Lighting and breakers among items identified as common counterfeits
By Anthony Capkun
June 25, 2014 – U.S.-based Electrical Safety Foundation International (ESFi) has released the results of its 2014 Counterfeit Electrical Products Survey, and an overwhelming 96% of respondents believe counterfeits are—at the least—a moderate threat to public safety… yet only half reported a counterfeit electrical product upon discovery.
“Counterfeit electrical products don’t just have serious implications for the electrical industry, but they also endanger everyone who uses electricity,” said ESFi president Brett Brenner. “We developed this survey to better understand this complex problem so we could mobilize the electrical industry to work toward a solution.”
ESFi says it utilized partner organizations to provide a sampling across all sectors of the electrical industry, including:
• IAEI (International Association of Electrical Inspectors)
• NEMA (National Electrical Manufacturers Association)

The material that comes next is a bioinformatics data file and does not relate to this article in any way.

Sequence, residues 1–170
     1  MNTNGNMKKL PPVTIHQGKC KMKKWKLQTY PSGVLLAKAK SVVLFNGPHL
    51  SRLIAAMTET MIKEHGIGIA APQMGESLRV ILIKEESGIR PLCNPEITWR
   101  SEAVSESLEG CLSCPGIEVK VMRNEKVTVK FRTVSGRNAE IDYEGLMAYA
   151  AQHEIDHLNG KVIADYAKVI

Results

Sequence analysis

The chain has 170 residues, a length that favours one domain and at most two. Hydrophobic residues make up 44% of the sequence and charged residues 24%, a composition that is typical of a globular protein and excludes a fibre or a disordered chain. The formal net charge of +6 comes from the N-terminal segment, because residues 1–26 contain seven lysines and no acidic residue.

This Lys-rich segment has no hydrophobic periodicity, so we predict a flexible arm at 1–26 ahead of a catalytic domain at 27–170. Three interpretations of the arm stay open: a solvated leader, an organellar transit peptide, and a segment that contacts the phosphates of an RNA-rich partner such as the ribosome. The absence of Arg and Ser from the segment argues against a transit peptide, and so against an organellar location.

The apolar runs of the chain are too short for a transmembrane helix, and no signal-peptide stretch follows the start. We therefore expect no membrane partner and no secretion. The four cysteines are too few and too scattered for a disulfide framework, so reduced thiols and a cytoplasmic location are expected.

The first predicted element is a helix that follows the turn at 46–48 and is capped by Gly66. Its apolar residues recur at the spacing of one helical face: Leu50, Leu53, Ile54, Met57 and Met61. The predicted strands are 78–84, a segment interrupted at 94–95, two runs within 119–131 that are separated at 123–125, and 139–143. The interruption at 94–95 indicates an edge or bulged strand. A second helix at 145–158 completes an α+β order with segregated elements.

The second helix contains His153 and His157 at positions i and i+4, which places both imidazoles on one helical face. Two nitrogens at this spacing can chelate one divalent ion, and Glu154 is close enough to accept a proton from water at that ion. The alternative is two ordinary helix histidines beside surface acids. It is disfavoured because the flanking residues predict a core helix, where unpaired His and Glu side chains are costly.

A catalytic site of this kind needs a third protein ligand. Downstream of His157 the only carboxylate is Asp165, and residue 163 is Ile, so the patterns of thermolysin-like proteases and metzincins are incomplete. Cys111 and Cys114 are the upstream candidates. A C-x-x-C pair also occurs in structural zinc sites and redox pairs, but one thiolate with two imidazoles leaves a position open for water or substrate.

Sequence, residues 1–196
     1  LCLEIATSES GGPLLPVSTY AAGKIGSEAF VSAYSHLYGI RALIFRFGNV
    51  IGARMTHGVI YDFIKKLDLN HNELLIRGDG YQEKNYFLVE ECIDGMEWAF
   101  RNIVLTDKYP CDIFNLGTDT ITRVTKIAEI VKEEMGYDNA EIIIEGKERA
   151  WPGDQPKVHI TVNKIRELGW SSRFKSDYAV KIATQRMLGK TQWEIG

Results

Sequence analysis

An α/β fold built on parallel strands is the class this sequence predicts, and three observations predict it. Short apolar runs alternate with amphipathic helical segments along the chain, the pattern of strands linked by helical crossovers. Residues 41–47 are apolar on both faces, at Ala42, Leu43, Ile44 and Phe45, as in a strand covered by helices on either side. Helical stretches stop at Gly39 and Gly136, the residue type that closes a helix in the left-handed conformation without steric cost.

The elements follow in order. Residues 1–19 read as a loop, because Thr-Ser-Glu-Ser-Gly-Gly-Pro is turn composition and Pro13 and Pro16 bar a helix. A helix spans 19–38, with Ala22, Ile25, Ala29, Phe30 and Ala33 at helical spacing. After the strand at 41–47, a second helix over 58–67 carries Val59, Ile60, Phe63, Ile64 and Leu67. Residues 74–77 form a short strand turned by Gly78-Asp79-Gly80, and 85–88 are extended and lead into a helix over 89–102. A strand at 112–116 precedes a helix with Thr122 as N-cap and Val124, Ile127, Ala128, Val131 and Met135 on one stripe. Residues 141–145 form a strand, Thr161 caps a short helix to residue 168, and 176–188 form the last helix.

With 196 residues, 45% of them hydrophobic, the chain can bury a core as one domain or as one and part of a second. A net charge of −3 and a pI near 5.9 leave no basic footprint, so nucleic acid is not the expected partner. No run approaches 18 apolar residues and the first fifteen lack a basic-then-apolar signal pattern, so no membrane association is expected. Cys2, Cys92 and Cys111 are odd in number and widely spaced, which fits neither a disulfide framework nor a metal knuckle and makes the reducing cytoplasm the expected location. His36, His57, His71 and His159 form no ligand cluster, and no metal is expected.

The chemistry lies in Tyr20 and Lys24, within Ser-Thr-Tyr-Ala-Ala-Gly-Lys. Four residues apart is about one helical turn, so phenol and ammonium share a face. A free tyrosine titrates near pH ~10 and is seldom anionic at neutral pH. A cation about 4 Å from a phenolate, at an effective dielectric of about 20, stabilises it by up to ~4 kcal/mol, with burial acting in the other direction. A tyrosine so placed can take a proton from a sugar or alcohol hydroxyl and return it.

• IEC (Independent Electrical Contractors)
• NAED (National Association of Electrical Distributors)
• NECA (National Electrical Contractors Association)
A majority of respondents reported they do not have a process in place for reporting counterfeit product. Other key findings include:
• Almost 55% of respondents believe their company does not provide adequate training about the issues related to counterfeit products.
• Lighting, breakers and Other items (e.g. appliances, signs, ground rods) were the most frequently reported counterfeit products discovered.
“Effectively combating the counterfeit electrical product problem will require a collaborative effort among stakeholders from all industry sectors as well as cooperation from consumers,” said Evan Gaddis, president and CEO, NEMA. “We commend ESFi for spearheading this important effort and for uniting industry stakeholders to help champion this important cause.”
The complete results of ESFi’s 2014 Counterfeit Electrical Products Survey are available below for download, including the infographic highlighting key findings.